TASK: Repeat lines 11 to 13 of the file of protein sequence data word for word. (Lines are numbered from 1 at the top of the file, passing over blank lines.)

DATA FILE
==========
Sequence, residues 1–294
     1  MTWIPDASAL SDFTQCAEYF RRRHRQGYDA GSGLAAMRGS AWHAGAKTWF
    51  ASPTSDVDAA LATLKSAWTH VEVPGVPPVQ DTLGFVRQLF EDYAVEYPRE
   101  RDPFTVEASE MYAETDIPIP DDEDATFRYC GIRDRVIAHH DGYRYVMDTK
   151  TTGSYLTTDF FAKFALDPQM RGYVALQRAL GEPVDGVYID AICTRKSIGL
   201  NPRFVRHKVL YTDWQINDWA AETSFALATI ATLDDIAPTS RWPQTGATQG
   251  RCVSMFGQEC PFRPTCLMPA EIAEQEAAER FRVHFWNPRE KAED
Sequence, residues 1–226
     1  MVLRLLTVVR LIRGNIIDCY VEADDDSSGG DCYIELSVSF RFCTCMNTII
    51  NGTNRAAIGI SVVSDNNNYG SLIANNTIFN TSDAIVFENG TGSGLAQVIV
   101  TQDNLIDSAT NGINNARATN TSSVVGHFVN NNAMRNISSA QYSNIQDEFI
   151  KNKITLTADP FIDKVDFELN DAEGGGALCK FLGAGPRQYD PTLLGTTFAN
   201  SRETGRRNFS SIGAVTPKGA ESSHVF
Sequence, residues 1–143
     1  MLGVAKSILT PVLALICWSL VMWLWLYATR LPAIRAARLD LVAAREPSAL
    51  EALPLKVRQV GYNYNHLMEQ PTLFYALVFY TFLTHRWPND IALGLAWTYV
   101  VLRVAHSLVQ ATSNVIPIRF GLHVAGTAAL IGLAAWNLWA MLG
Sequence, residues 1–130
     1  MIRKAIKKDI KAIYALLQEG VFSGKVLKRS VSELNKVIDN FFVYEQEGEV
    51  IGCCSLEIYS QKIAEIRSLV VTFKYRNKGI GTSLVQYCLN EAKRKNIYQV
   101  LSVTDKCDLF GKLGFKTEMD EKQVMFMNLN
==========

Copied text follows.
   101  TQDNLIDSAT NGINNARATN TSSVVGHFVN NNAMRNISSA QYSNIQDEFI
   151  KNKITLTADP FIDKVDFELN DAEGGGALCK FLGAGPRQYD PTLLGTTFAN
   201  SRETGRRNFS SIGAVTPKGA ESSHVF